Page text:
Your child’s long-term health will depend on the type of thalassemia he has. In the past, patients with thalassemia major had a significantly reduced life expectancy. Today, however, thanks to blood transfusion therapy and effective iron chelators, the life expectancy for children with severe thalassemia is constantly improving.

    Children with thalassemia major require life-long, ongoing medical care, including blood transfusions. In general, those with thalassemia intermedia experience less severe symptoms and need regular medical follow-up, but they may not require frequent blood transfusions.

    Your child’s physician can tell you more about what to expect and how to manage your child’s disease.

    Our team of hematological specialists provides evaluation, preventive management and treatment if symptoms or complications arise. We care for children through adolescence and adulthood and help them transition to adult care when appropriate.

    Coping and support

    There also are a number of resources available at Dana-Farber/Boston Children’s to help you and your family.
    Patient education: From the first visit through follow-up care, our nurses will be on hand to walk you through your child’s treatment and help answer any questions you may have. They also will reach out to you by phone, continuing the care and support you received while at Dana-Farber//Boston Children’s.
    Parent to parent: Want to talk with someone whose child has been treated for thalassemia? We can often put you in touch with other families who have been through the same experience that you and your child are facing, and who can share their experience.
    Faith-based support: If you are in need of spiritual support, we will help connect you with the chaplaincy at Boston Children's Hospital. Our program includes nearly a dozen clergy representing Episcopal, Jewish, Lutheran, Muslim, Roman Catholic, Unitarian and United Church of Christ traditions who will listen to you, pray with you and help you observe your own faith practices during your hospital experience.
    Social work and mental health professionals: Our social workers and mental health clinicians have helped many other families in your situation. We can offer counseling and assistance with issues such as coping with your child’s diagnosis, stresses relating to coping with illness and dealing with financial difficulties.

    On our Patient and Family Support Services pages, you can read all you need to know about:

    • getting to Dana-Farber/Boston Children’s
    • accommodations
    • navigating the hospital experience
    • resources that are available for your family
  • History of excellence

    At Dana-Farber/Boston Children's Cancer and Blood Disorders Center, we have a history of excellence in treating children with thalassemia. Today, our researchers continue to work on the development of new methods of diagnosis and treatment of thalassemia.

    Here are just a few of the breakthroughs we’ve been a part of:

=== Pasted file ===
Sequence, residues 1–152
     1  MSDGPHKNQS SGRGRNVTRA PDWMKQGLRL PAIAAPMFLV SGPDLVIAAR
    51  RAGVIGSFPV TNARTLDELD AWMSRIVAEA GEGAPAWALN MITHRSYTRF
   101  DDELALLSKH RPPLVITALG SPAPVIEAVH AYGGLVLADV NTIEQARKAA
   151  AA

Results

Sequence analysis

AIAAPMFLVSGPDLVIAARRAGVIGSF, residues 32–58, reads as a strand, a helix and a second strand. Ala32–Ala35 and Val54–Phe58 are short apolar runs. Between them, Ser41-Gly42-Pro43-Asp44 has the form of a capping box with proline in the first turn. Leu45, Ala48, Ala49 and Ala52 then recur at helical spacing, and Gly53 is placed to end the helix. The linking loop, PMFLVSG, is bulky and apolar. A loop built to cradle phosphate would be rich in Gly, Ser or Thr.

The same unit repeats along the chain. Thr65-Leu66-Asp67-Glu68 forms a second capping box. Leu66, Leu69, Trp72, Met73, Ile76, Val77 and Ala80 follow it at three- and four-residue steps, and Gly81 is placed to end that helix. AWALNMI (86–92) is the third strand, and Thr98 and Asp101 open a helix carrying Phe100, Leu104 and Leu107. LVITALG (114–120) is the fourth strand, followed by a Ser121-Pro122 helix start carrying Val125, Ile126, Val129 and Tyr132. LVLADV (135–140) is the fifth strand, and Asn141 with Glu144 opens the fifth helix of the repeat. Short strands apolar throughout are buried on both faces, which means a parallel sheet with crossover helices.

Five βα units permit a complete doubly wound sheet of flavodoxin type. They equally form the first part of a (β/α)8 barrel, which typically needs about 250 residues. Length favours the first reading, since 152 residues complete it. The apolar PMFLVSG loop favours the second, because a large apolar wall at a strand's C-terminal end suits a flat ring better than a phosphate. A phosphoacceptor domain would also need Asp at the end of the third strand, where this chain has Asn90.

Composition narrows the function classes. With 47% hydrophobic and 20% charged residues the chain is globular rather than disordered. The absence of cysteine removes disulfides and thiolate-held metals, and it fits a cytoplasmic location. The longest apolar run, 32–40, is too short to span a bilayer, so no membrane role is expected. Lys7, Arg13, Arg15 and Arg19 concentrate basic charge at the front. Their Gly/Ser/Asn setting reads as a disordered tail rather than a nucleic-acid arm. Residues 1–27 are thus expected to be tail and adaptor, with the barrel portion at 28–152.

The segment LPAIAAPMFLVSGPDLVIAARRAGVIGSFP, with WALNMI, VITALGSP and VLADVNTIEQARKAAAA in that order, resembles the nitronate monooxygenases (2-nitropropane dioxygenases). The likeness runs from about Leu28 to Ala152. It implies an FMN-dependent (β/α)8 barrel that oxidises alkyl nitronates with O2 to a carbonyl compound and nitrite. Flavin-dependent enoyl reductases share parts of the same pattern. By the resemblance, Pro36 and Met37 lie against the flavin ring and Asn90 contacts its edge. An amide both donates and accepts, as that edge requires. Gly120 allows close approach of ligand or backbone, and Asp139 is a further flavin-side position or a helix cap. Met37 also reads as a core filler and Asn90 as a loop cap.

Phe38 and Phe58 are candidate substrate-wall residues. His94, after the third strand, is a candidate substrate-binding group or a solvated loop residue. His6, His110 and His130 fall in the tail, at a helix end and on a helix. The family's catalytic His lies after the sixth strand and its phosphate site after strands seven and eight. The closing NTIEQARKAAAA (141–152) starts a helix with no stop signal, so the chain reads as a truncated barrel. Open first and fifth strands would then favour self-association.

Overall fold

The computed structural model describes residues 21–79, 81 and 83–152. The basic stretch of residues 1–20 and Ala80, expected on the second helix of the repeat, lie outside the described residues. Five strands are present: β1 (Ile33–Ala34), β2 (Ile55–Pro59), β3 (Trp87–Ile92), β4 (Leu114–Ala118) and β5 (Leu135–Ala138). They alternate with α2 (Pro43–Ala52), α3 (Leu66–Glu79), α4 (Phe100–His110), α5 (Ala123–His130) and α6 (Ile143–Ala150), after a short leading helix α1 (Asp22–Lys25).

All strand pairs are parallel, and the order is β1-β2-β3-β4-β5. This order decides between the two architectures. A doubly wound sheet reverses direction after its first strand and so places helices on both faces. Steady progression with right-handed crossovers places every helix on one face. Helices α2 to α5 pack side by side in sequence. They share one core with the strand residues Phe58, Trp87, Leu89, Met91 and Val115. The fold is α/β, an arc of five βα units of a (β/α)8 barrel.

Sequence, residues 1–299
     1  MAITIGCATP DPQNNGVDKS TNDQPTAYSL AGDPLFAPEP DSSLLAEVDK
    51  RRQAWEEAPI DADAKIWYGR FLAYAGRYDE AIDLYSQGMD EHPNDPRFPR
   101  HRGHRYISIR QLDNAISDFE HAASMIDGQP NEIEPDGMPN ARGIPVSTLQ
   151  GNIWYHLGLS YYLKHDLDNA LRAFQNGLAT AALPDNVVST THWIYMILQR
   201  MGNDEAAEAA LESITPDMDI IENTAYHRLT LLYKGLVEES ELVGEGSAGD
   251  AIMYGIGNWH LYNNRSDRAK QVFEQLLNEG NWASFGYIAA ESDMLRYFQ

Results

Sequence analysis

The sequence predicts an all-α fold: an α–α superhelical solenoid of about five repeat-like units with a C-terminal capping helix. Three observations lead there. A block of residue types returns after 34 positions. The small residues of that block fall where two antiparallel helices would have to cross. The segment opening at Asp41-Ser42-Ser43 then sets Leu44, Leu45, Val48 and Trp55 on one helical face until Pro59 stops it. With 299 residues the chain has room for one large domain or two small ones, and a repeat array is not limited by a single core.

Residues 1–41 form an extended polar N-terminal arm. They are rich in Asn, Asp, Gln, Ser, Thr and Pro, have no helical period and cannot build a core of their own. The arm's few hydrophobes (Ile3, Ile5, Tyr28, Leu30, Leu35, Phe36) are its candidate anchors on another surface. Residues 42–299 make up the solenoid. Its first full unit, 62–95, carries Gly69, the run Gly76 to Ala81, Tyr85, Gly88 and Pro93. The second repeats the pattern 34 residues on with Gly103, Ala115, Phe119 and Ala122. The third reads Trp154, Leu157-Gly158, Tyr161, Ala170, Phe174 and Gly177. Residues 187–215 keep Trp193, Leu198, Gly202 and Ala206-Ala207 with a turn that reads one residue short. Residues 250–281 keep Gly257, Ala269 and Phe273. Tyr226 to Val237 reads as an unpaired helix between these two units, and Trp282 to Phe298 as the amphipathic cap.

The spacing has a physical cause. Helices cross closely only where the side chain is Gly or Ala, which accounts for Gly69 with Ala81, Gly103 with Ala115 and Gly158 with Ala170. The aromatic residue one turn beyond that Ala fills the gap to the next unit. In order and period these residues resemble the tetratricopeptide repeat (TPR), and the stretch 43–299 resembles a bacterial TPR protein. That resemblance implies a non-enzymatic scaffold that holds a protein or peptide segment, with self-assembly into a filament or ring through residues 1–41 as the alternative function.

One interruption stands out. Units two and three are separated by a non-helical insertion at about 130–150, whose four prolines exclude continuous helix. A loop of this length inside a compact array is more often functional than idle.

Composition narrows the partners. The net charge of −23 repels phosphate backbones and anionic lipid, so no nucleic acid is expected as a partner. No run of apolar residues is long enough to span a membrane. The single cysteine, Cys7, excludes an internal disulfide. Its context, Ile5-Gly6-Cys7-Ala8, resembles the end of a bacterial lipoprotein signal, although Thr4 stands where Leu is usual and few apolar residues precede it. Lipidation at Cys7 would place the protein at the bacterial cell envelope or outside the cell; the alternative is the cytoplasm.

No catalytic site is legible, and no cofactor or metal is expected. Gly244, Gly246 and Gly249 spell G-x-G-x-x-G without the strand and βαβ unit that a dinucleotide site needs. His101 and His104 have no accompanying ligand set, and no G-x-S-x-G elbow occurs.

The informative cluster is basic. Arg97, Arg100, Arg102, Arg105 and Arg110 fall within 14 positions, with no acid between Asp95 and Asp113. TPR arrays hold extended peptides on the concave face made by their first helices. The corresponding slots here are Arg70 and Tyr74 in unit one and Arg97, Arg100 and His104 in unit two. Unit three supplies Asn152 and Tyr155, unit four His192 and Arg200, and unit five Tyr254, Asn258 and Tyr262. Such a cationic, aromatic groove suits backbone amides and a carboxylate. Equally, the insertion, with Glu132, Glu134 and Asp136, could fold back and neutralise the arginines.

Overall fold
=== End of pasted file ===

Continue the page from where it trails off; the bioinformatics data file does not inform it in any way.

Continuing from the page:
• David Nathan, MD, recognized the important role of hypertransfusion to treat thalassemia


    • Richard Proper, MD, and Nathan demonstrated effective iron chelation (removal of excess iron from the blood) using the intravenous drug deferoxamine (Desferal).
    • Stuart Orkin, MD, and Nathan developed the first genetic test for prenatal diagnosis of thalassemia
    • Nathan, Orkin, and Yuet Wai Kan, MD, MBBS, along with others identified the molecular biology of thalassemia syndromes.


    • A study tested the effectiveness of a new oral iron chelator, deferasirox (Exjade), which was approved for the treatment of iron overload in thalassemia patients.
    • We are involved in a number of other research initiatives aimed at improving thalassemia care including:
      • investigating the effectiveness of another new oral iron chelator, called FBS0701.
      • improving the effectiveness of currently available therapies
      • using stem cell transplants to cure patients with thalassemia major
      • improving chelation therapy
      • developing new ways to assess iron levels in the body

    New developments in thalassemia research

    Hemoglobin is a protein in red blood cells that helps them carry oxygen from the lungs to all parts of the body. Children with thalassemia often experience anemia, which causes fatigue, pale skin, increased heart rate and other symptoms ranging from mild to life-threatening.

    Orkin and Vijay Sankaran, MD, PhD, identified a way to compensate for this problem: getting red blood cells to make another type of hemoglobin (HbF) that normally stops being made after birth.

    Orkin and Sankaran discovered a gene that prevents HbF production. When they turned this gene off, cells began making HbF in large amounts. Orkin and Sankaran are conducting further studies to figure out how to target this gene with medications. If a strategy is found, it could potentially transform thalassemia into a benign or nearly benign condition. Learn more.

    Clinical Trials

    For many children with rare or hard-to-treat conditions, clinical trials provide new options.